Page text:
Digital fine-tuning for more sustainability in transport logistics

by Matthias Wurst
loading a truck with a forklift truck in a company
loading a truck with a forklift truck in a company

Freight transport has been growing for years and forecasts indicate that this trend will continue in the near future. Trucks continue to be the backbone of freight transport in Europe. But how is the carbon footprint of truck transport developing?

Many concepts and ideas for the sustainable management of truck traffic have already been developed and implemented by governmental and private institutions. These range from traffic avoidance, shifting traffic to more environmentally friendly transportation modes, and traffic optimization to the promotion of energy-efficient and/or low carbon commercial vehicles.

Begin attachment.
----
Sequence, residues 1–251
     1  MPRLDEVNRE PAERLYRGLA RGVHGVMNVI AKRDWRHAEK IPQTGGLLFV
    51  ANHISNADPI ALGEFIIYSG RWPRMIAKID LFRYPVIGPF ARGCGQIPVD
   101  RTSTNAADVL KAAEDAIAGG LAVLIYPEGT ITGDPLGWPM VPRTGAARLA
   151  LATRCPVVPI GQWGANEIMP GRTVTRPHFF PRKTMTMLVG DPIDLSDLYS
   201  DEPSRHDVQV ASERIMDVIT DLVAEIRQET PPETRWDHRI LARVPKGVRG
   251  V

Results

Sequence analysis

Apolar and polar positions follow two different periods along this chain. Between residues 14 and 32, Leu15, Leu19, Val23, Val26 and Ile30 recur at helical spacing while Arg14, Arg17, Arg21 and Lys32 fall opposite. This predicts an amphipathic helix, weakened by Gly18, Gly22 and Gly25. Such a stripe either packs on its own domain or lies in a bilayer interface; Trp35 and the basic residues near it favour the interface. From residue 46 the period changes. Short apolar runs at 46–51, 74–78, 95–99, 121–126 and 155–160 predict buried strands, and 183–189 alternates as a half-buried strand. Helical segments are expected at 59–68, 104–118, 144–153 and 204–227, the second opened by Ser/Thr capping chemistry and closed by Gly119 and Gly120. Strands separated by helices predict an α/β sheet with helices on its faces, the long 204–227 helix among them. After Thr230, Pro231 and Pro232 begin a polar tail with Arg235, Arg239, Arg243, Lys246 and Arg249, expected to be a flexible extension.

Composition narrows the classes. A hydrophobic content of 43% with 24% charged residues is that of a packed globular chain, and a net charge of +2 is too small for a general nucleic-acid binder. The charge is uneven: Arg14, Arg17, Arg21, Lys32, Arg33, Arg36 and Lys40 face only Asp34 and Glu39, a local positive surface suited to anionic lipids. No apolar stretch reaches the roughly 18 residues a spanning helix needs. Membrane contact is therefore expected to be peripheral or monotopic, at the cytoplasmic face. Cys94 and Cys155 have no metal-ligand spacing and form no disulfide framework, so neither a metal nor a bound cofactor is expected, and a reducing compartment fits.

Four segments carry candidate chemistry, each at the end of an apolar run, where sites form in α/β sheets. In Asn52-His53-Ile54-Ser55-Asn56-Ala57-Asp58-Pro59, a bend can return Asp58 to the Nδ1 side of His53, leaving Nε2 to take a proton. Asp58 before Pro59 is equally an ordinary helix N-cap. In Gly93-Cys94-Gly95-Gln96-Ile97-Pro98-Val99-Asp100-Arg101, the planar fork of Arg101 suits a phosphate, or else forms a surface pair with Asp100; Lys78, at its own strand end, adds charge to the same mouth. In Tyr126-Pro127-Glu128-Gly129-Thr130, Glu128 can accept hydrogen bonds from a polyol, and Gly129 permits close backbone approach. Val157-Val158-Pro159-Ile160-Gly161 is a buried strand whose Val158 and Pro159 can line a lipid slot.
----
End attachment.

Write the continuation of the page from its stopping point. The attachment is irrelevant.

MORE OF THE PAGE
Every single company is called upon when it comes to achieving more sustainability in logistics. And even companies without their own truck fleet have many fine-tuning options that can contribute to the sustainability of logistics.

The term ‘sustainability’ and its beginning

Sustainability is everywhere today and describes a satisfactory lifestyle for all without risking the perspectives of future generations. Originally, the term comes from forestry and indicates resource use with a view to the regenerative capacity and stability of the forest.